While Japan has seen an increase in the number of non-regular workers (part-time, fixed-term or dispatched workers), the terms and conditions of employment have traditionally been inferior to those offered to regular employees. Japan has recently amended the Act on Improvement of Employment Management for Part Time and Fixed Term Workers and established the Act on Improvement of Employment Management for Part Time and Fixed Term workers. These measures are aimed at ensuring that non-regular workers are treated no less favourably than regular workers with substantially similar employment circumstances.
Non regular and regular employees who have substantially similar employment responsibilities must be treated equally in their employment.
Employers must extend to non-regular employees welfare treatments offered to regular employees where it would be unreasonable not to do so (based on the circumstances outlined below).
The circumstances of employment to take into consideration when determining whether it is unreasonable to distinguish between a non-regular and regular employee include: the duties of the employee, the extent of any changes in the job content and workplaces, job positions, experience, worker abilities and responsibilities.
Employers must provide reasons to non-regular workers for any disparity in employment treatment where requested.
The amendments seek to promote the “equal work, equal pay” principle by equalising the treatment of workers who have substantially similar job duties, positions, experience, abilities and responsibilities where distinguishing between non regular and regular worker’s treatment and conditions is unreasonable based on the circumstances of their employment.
The amendments clarify that when considering the employment treatment and conditions of regular and non-regular workers who have substantially similar employment circumstances, employers cannot prescribe differences in base salary, bonus or other treatments such that there is an unreasonable difference between the two types of workers. Factors such as the worker’s job duties and weight of responsibility attached to those duties should be considered in deciding whether the employment conditions are substantially similar. The amendments also stipulate that these conditions should be reviewed across all the employer’s workplaces, and not with reference to only a single workplace. Access to the employer’s welfare facilities (e.g. company cafeteria, resting room, locker room, etc.), must be extended to both regular and non-regular employees alike.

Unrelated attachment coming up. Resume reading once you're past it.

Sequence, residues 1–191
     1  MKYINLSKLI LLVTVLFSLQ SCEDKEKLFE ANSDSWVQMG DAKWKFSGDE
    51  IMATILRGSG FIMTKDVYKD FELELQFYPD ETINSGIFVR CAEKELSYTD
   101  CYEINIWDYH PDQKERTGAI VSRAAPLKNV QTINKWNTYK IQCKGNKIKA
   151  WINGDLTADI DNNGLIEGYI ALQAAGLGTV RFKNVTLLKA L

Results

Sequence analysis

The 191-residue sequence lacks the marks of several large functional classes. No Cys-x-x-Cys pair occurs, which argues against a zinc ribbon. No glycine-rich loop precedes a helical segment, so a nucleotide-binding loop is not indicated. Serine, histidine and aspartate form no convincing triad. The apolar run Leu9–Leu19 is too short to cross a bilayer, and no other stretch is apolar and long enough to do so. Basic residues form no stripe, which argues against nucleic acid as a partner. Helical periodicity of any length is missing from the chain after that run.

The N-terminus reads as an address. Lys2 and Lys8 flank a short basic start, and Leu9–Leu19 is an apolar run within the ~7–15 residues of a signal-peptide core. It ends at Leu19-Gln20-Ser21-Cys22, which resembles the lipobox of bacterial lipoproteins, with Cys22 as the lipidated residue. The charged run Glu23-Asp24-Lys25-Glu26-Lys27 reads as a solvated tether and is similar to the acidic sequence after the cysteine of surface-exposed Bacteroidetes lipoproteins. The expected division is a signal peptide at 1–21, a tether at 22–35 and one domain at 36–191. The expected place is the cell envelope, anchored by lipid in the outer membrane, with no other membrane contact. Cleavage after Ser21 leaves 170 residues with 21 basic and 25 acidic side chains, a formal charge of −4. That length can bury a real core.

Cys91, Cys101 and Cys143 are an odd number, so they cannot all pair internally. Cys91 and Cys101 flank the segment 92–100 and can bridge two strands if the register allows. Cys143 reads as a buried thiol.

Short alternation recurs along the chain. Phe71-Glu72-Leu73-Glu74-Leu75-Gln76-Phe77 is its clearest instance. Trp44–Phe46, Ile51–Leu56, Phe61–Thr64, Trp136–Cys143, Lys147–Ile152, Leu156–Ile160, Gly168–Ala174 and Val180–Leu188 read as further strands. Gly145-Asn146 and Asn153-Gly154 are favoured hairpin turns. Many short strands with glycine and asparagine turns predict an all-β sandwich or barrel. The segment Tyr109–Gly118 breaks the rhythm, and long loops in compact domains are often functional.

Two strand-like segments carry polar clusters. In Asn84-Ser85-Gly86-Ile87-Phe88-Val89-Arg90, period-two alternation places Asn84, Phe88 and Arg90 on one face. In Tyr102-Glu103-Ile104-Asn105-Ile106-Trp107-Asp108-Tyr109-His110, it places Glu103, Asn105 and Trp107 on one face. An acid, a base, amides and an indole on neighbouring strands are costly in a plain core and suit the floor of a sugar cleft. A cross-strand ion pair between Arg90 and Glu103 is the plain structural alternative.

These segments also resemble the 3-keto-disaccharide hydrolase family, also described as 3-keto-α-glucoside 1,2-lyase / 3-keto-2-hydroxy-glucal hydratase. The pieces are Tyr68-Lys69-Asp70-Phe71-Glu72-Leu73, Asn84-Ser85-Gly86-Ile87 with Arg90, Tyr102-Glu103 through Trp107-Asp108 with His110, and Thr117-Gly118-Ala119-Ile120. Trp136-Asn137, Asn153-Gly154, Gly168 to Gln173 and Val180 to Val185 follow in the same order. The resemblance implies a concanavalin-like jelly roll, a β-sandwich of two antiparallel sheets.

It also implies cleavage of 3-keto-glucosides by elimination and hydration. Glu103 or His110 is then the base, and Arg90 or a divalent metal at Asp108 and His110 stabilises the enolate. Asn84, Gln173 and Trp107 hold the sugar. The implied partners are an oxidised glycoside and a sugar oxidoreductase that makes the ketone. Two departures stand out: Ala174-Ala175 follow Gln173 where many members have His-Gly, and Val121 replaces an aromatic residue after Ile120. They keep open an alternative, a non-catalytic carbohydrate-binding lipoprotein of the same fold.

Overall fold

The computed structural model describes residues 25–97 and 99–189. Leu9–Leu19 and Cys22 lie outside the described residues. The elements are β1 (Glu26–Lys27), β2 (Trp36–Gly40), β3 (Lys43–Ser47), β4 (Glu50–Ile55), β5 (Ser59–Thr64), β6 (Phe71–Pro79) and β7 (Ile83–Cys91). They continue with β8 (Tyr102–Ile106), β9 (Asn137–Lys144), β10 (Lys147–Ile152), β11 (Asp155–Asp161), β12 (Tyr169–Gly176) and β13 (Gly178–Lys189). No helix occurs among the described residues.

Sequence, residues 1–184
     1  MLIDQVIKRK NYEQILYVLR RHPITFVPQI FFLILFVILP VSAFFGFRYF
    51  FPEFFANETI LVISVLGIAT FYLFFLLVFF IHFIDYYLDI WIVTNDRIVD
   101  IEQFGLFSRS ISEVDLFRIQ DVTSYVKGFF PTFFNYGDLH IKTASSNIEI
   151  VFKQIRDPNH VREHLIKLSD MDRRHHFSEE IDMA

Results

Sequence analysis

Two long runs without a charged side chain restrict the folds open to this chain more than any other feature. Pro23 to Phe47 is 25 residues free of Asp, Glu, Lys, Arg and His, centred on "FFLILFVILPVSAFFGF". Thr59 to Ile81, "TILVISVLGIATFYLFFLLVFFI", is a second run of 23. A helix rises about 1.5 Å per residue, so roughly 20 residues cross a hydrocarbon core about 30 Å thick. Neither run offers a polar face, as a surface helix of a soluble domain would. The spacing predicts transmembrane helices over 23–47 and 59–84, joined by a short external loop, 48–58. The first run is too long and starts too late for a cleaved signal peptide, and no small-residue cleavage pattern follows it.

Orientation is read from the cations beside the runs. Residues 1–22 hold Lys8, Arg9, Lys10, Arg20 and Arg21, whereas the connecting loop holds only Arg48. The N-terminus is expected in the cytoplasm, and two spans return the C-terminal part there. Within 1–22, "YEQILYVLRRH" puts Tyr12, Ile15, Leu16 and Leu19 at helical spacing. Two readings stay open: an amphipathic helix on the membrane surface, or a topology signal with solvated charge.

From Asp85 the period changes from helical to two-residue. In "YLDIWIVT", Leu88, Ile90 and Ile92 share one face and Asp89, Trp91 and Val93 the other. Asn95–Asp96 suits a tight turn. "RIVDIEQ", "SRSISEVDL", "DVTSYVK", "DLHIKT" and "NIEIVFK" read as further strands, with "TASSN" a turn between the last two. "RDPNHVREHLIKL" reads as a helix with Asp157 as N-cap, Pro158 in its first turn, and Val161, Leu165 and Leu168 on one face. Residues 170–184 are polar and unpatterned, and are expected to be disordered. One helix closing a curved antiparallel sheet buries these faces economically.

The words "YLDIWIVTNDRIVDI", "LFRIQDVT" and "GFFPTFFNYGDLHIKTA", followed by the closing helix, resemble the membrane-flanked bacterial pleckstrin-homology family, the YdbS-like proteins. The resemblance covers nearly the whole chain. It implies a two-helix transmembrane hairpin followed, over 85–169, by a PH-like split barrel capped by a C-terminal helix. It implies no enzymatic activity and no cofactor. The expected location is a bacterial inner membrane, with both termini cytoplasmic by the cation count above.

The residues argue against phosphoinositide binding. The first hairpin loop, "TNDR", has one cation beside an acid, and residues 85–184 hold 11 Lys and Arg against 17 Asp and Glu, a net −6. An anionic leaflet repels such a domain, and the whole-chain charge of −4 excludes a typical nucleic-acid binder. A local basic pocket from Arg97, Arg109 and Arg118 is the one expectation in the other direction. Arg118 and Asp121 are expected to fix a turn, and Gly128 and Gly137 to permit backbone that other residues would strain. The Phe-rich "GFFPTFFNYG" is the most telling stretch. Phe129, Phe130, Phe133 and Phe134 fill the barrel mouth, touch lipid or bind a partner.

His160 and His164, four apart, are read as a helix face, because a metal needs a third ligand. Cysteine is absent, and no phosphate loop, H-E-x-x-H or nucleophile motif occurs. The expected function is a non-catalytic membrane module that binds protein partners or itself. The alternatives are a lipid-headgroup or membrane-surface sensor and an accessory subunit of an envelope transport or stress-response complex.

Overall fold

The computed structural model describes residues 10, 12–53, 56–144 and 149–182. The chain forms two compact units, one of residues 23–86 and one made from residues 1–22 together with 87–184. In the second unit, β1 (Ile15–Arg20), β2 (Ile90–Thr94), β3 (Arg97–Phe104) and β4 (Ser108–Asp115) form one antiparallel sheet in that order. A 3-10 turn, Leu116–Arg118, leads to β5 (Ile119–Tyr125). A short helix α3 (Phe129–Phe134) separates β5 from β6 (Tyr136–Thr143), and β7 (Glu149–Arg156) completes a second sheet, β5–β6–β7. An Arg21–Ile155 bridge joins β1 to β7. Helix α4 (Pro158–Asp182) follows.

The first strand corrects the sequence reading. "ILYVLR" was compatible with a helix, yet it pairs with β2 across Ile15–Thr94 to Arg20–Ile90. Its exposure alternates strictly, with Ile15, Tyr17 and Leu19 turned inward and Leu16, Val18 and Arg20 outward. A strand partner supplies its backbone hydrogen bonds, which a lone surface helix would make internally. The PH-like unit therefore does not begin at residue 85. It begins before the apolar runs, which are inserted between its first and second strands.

Employers will be required to provide reasons to non-regular workers for any disparity in employment treatment, and outline the matters contemplated and taken into consideration when permitting the disparate employment treatment. A worker cannot be dismissed for having requested such reasons.
Employers should review the employment terms and conditions offered to non-regular workers against those offered to regular employees and ensure that any disparity is promptly addressed. There is an increased focus in Japan in ensuring that those workers who do not have the status of permanent employees are, nonetheless, treated fairly in the workplace.